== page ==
I know. I have tested every possible kind. From hospital isolation as a baby, to detention in solitary at boarding school… From confinement during war, to the desolation of the African bush. I’ve also experienced big city solitude and the isolated remoteness on our farm in Jutland, Denmark.
I am truly certified in The Art of Isolation. With distinction.
Constantly ill as a newborn – suffering from who-knows-what, I was repeatedly rushed to hospital in the capital city, which was over an hour’s drive from the farm. I was left there alone. The illness worsened, became more frequent; today the diagnosis may be Severe Panic Attacks From Constantly Being Kept From My Mother. I think that fits.
It was all the more exacerbated when I went to boarding school- aged six and a half. Bye-bye mother once again. Hello neurosis.
So many screaming little girls (of which I was probably the loudest) would send me in search of a “Little Quiet Spot”, which always lay out-of-bounds. The nuns’ punishments would range from gating, to solitary confinement, which was without any sense of quiet because it was beside the common room.
I was at war with the school. The country was at war with itself. It was Rhodesia 1975. Curfews fell from sunset until sunrise. When my parents had been in town for the day, my mother grocery shopping, my father searching for spare-parts or at bank meetings, they would join the convoy of farm vehicles guarded by armoured military trucks. They would then have to snail the long roads back, out into the distance, towards the far blue hills and the thickening bush.
Their homecoming routine involved locking the farm gates, then the security fence around the house, the doors and windows. They’d check the dogs, the guns, the radio-alert-station, the thick sandbags across the windows. Isolation paired with remoteness was not safe. But they were farmers. Farmers that survived alone. Living in Lockdown.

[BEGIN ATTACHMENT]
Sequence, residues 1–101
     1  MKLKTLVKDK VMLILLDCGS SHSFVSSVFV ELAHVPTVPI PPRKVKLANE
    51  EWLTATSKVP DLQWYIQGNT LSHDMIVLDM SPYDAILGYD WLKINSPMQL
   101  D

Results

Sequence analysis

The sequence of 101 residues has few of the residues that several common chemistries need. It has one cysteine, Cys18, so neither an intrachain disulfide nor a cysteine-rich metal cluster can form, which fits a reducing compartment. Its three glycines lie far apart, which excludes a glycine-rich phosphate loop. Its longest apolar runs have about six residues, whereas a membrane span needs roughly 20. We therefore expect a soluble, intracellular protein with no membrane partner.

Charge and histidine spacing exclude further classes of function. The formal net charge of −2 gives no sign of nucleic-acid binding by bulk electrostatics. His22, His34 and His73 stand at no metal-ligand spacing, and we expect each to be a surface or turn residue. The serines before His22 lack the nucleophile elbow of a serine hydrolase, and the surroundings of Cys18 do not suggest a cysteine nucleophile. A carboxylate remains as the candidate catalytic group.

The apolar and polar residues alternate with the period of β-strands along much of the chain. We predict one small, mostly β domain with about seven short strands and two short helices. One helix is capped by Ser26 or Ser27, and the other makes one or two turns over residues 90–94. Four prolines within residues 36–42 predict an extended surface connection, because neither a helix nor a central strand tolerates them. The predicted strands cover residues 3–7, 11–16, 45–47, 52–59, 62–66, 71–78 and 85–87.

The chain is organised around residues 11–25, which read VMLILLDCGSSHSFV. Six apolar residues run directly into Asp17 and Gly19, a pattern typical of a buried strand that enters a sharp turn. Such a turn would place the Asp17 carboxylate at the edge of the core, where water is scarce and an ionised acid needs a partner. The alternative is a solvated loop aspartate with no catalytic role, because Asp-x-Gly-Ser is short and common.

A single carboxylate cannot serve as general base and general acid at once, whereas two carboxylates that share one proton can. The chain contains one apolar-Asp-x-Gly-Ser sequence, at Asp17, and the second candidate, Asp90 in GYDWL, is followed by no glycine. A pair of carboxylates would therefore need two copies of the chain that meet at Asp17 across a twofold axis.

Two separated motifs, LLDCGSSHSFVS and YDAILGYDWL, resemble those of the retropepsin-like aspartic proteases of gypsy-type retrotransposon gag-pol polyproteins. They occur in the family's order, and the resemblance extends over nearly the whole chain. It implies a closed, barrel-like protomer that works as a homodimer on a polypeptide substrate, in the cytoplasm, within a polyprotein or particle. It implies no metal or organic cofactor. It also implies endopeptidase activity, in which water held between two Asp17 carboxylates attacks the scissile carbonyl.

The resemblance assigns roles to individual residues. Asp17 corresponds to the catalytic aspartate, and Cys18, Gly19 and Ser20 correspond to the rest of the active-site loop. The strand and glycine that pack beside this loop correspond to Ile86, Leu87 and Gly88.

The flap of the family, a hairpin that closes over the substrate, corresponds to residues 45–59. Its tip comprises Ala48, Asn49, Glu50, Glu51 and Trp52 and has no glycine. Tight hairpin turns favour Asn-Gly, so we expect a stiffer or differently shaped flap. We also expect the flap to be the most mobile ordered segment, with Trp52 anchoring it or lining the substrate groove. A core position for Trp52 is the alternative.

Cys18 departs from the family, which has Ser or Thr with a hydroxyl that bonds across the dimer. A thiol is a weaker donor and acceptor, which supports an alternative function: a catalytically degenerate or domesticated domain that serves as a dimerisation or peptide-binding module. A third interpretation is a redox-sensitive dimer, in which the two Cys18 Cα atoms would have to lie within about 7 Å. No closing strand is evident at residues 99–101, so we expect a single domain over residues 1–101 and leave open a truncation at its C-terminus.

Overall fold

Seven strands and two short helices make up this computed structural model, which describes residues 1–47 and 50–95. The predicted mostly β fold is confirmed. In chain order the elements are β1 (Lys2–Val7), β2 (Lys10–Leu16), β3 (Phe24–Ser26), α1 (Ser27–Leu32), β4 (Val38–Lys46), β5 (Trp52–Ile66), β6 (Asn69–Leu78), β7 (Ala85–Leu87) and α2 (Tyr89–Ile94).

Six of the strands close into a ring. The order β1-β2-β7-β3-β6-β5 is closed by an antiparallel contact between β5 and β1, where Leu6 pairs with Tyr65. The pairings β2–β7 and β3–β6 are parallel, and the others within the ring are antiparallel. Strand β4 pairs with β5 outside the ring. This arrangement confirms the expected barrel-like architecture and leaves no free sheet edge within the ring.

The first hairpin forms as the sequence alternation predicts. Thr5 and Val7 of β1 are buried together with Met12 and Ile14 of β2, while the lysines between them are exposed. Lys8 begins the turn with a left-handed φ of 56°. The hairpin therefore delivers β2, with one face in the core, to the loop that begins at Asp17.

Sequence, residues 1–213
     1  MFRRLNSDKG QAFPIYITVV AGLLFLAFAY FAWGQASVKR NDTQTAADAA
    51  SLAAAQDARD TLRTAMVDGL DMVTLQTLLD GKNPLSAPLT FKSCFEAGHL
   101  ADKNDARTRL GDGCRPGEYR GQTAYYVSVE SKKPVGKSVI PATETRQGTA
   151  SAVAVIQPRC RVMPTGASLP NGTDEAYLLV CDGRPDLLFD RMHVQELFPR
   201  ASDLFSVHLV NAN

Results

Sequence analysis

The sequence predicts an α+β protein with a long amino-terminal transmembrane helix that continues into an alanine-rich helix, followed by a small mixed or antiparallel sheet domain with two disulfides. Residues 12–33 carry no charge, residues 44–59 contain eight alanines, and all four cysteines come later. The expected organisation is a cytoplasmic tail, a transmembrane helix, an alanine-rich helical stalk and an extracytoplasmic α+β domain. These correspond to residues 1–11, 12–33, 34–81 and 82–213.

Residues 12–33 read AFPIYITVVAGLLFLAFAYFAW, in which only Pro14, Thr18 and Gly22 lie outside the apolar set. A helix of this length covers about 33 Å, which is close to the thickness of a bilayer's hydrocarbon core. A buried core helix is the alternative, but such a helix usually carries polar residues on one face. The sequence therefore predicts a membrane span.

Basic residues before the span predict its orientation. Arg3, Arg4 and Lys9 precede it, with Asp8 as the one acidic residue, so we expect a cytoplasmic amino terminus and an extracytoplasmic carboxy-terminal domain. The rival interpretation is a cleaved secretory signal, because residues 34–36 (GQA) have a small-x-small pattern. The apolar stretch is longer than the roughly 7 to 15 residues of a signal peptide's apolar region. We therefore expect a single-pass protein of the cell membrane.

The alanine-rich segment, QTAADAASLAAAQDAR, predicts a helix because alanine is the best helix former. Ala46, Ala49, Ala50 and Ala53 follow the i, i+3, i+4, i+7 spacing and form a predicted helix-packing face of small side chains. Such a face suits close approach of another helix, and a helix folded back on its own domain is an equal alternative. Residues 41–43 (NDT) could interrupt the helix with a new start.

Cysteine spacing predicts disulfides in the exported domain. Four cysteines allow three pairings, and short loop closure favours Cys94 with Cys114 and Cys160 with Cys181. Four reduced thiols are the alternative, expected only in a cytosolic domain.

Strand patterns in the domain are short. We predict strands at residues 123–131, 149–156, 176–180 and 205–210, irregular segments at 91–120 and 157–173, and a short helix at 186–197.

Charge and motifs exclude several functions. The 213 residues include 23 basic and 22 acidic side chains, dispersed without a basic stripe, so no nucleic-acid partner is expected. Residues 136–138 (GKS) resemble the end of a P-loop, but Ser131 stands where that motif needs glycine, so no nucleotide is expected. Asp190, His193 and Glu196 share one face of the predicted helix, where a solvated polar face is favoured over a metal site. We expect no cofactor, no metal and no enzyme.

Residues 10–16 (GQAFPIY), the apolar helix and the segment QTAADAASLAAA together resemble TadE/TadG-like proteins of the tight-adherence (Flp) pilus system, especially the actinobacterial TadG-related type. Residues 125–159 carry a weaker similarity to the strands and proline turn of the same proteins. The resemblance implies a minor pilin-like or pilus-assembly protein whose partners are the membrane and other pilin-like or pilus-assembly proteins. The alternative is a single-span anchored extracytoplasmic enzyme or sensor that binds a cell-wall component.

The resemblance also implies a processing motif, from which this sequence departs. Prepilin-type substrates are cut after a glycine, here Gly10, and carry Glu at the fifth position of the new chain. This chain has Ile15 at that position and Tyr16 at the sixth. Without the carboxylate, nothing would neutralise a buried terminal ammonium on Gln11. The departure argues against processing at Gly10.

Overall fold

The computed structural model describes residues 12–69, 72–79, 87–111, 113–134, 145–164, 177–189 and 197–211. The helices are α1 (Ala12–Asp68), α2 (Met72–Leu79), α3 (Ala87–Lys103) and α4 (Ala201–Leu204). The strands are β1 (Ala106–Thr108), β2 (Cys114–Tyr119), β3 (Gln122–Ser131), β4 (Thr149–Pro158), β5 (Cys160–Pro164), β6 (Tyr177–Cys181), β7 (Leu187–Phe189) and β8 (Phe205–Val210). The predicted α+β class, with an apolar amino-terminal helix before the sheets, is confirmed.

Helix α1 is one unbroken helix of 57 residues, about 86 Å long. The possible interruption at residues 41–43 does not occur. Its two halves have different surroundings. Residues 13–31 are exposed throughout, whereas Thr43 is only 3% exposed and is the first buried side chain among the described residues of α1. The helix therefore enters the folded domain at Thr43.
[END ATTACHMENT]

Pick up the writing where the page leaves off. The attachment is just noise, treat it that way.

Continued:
Yet the farm-life was where I felt free, even though I was not allowed to run everywhere on the farm. There were out-of-bounds places where armed anti-government fighters lurked, and this is where I went to hide; but with my dog. Throughout the school holidays I walked, took the motorbike, or rode the horse. I picked flowers, mimicked bird calls and caught butterflies. I never felt alone. The days were idyllic. Though the nights were terrifying.
The war eventually ended, as did childhood, and I was pushed off to study in Europe – in attempt to get that grown-up grip of my life that one is supposed to grasp along the way. I had severe butter-fingers. I lived all over the place, trying to tackle as many countries and cultures (and studies) as possible. I was forever desperate to fit in, but I was always “new”, different, and therefore also lonely. Solitude followed me around like an obsequious shadow and I kept on moving. Roots simply did not grow out of my toes.
I withdrew into my self until seclusion drove me kooky and then I would burst out demented and desperate to party and socialise. I’m still painfully suffering from this syndrome.
Writing and painting therefore, seemed to suit me- narrative and art swirling within this crazed circle of isolation and the sudden frenzied social outbursts.
And then Love popped up and as is the case, Love was blinded to my whacky, idiosyncracy. Lucky me! For when the Love fog cleared, it was just too late. And he was titled to Saint Peter the Great (by everyone).
And he also has a farm, just in Denmark, rural Jutland to be precise. Isolation with a crown. Green and grey, fjords and fields, trees and tracks, wind and wind and (lots of) wind.
But, of course, there is magic and beauty in isolation, one just has to find it.
Hence when this pandemic began to spread isolation, I was suddenly being contacted by many frustrated individuals, all asking what to do and how to do it. Finally, people were actually querying me for my opinion, and even being attentive…
“So, what should we do?”
Actually, to tell the truth: I don’t know. I may be African but I’ve never been in a pandemic before.
“How do we not panic?”
No idea, I awake to panic attacks and lie awake at night panicking about trying to get to sleep.
“How will we not go mad? How do we stay normal?”
You’re asking ME?
“But Kyne, you live on a farm in the middle of Jutland’s Rural Nowhere.”
I fell in love with the Farmer, not the farm.
“But it’s the middle of Nowhere?”
No, it’s passed the middle. It’s on the edge, just before one falls over the side of Nowhere… into Nothingness.
The Danes say: Where the crows turn back. (Except this crow didn’t).
“Just answer! This Isolation! This Madness! You know both! So frikin’ tell us what to do!”
Oh, simple! If you cannot beat it, join it. (The Madness, not the virus). You cannot beat isolation, social distancing, quarantine, Lockdown. So just do it. And try to actually enjoy it. (With a touch of Quirky.)
Just try to make the best of Isolation. When it comes to solitary survival skills in Isolation – I have a mass of suggestions and of course, opinions.
After all I am truly certified… certified in the Art of Isolation.